Matt Remle, a local Native American activist, displays his message about disenrollment in Lakota: átȟaƞiƞ šni, which means to make invisible, to vanish.
Matt Remle, a local Native American activist, displays his message against disenrollment in Lakota: átȟaƞiƞ šni, which means "to make invisible, to vanish." stopdisenrollment.com

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A group of indigenous activists based in Seattle launched an online campaign against tribal disenrollment—the process by which tribal governments eject their own tribal members—today. A website (stopdisenrollment.com) dedicated to the cause is collecting individual stories and photos of statements written on activists' hands.

The action's goal, according to a press release put out this morning, is to "attract representatives of all 567 federally-recognized tribes in the United States" and "ultimately attract as many participants as there are disenrolled Indians."

One of the most notorious, local tribal disenrollments in recent history has come by way of the Nooksack Tribe. In 2013, the Nooksack Tribal Council attempted to disown 306 of its 2,000 tribal members, a process that is now being disputed in court. The "Nooksack 306," as those facing disenrollment call themselves, have posted several "Stop Disenrollment" messages on the group's Facebook page today, along with the hashtag #WeBelong.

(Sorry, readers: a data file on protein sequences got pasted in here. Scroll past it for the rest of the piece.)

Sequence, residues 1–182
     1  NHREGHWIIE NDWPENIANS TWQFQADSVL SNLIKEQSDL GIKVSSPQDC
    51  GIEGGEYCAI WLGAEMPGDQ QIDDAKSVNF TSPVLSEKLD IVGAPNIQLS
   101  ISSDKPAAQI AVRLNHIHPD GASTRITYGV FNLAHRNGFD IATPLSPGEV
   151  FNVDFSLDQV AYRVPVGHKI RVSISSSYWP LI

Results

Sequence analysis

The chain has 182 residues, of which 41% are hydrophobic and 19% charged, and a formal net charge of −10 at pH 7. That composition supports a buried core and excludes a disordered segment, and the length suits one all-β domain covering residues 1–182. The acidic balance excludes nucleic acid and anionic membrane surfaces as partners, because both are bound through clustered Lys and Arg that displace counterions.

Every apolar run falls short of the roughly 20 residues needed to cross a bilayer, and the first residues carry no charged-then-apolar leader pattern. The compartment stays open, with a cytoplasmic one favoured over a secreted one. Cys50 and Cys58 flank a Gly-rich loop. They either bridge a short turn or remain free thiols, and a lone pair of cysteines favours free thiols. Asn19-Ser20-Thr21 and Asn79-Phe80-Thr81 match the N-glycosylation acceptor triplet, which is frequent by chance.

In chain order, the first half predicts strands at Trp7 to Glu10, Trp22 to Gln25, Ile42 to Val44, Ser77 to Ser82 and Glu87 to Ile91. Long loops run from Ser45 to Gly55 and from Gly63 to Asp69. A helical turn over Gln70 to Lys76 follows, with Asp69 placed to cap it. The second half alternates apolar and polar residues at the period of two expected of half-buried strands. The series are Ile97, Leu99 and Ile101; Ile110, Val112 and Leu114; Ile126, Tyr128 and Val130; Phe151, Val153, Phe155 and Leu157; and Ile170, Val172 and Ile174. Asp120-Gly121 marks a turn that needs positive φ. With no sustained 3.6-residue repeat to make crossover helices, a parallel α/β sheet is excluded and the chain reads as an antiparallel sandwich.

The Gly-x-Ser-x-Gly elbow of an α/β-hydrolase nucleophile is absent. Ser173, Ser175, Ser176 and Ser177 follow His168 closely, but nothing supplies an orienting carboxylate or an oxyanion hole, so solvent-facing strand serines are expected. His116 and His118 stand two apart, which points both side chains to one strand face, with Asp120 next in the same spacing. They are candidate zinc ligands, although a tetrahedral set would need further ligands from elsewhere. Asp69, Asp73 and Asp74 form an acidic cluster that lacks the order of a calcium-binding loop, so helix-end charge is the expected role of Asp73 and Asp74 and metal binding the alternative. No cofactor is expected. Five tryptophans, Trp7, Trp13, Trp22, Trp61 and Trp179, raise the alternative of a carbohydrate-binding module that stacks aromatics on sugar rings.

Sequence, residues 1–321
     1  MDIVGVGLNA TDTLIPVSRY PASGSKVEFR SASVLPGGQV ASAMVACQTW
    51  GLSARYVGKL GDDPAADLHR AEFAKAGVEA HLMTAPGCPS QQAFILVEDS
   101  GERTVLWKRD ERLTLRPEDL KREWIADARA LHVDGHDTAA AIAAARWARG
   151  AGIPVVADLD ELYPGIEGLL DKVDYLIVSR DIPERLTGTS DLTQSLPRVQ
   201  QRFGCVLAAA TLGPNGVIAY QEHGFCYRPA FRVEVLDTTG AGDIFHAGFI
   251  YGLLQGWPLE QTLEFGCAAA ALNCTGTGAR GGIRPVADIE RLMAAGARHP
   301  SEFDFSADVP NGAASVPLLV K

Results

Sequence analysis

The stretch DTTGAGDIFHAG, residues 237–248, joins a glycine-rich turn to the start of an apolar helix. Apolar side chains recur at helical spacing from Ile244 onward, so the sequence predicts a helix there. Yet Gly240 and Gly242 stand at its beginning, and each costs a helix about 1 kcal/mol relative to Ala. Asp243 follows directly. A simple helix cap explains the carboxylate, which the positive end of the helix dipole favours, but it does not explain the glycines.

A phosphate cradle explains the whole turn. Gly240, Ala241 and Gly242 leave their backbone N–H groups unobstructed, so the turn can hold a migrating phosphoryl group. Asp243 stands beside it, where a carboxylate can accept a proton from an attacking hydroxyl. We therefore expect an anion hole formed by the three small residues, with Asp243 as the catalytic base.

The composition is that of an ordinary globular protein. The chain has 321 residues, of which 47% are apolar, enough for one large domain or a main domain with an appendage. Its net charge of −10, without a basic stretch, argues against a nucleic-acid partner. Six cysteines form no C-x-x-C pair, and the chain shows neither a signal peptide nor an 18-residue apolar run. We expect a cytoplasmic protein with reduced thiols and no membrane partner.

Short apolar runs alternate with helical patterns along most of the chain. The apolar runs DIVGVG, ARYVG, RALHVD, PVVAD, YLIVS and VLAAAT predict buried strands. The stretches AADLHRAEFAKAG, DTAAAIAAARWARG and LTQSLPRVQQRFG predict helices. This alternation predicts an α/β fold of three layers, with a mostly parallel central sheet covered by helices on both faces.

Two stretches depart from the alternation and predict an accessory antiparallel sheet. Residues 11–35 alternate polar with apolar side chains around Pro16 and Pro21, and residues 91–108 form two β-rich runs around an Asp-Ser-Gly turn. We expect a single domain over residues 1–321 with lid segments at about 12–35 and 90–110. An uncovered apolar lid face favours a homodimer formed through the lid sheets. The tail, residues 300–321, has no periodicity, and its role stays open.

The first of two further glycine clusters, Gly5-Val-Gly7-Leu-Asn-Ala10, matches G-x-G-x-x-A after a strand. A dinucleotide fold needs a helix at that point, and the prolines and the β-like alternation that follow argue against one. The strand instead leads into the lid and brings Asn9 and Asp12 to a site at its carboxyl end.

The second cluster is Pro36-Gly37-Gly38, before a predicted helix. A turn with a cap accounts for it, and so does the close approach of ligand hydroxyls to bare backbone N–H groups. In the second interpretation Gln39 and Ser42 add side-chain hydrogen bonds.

Gabriel Galanda, a Nomlaki/Concow lawyer fighting the Nooksack disenrollment, has called the trend of disenrollments an "epidemic." While Galanda has pointed out that disenrollments often afflict gaming tribes whose profits are shared among tribal members, the lawyer is also drawing attention to disenrollment's historical roots. In an op-ed for Indian Country Today Media Network, he explained more:

The United States originally taught disenrollment to American indigenous peoples as a mode of Indian assimilation. Indian “rolls” and removal from those rolls were introduced to indigenous peoples in the 1800s, chiefly to dispossess tribal communities of land through allotment. By the 1930s “disenrollment” was imparted to tribal governments under guise of Indian reorganization, via boilerplate tribal constitutions. And, like whiskey and smallpox blankets in times before, the federal government also introduced “membership” and “blood quantum” to American indigenous peoples.

Several famous Stop Disenrollment activists have posted messages with similar themes. Louie Gong, the Seattle-based Nooksack artist (he crafted the bentwood box gifted to Chinese president Xi Jinping during the president's visit to Seattle), posted a photo of himself on the Stop Disenrollment website with the words, "colonial dreams come true" written on his palm. Winona LaDuke, an environmental activist and Anishinaabekwe member of the Mississippi Band Anishinaabeg, posted a photo with the word "theft."

Check out the full website here.